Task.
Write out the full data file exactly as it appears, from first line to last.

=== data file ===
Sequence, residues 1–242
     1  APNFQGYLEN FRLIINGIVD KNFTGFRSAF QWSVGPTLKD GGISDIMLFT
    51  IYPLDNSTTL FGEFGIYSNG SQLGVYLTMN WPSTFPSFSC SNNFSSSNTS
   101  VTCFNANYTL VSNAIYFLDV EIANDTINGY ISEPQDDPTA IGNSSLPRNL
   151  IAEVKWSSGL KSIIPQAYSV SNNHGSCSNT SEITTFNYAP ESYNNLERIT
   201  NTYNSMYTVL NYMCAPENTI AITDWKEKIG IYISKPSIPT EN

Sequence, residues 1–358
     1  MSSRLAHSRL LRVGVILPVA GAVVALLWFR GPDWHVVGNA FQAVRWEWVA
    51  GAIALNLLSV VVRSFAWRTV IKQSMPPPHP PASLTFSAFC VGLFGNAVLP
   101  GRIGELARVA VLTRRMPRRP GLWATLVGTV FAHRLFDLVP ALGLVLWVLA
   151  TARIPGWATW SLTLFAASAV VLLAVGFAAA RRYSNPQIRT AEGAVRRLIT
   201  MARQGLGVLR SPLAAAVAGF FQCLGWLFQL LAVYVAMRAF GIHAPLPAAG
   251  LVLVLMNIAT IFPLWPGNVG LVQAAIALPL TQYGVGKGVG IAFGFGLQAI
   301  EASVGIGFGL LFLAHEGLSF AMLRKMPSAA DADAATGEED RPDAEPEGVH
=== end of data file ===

Sequence, residues 1–242
     1  APNFQGYLEN FRLIINGIVD KNFTGFRSAF QWSVGPTLKD GGISDIMLFT
    51  IYPLDNSTTL FGEFGIYSNG SQLGVYLTMN WPSTFPSFSC SNNFSSSNTS
   101  VTCFNANYTL VSNAIYFLDV EIANDTINGY ISEPQDDPTA IGNSSLPRNL
   151  IAEVKWSSGL KSIIPQAYSV SNNHGSCSNT SEITTFNYAP ESYNNLERIT
   201  NTYNSMYTVL NYMCAPENTI AITDWKEKIG IYISKPSIPT EN

Sequence, residues 1–358
     1  MSSRLAHSRL LRVGVILPVA GAVVALLWFR GPDWHVVGNA FQAVRWEWVA
    51  GAIALNLLSV VVRSFAWRTV IKQSMPPPHP PASLTFSAFC VGLFGNAVLP
   101  GRIGELARVA VLTRRMPRRP GLWATLVGTV FAHRLFDLVP ALGLVLWVLA
   151  TARIPGWATW SLTLFAASAV VLLAVGFAAA RRYSNPQIRT AEGAVRRLIT
   201  MARQGLGVLR SPLAAAVAGF FQCLGWLFQL LAVYVAMRAF GIHAPLPAAG
   251  LVLVLMNIAT IFPLWPGNVG LVQAAIALPL TQYGVGKGVG IAFGFGLQAI
   301  EASVGIGFGL LFLAHEGLSF AMLRKMPSAA DADAATGEED RPDAEPEGVH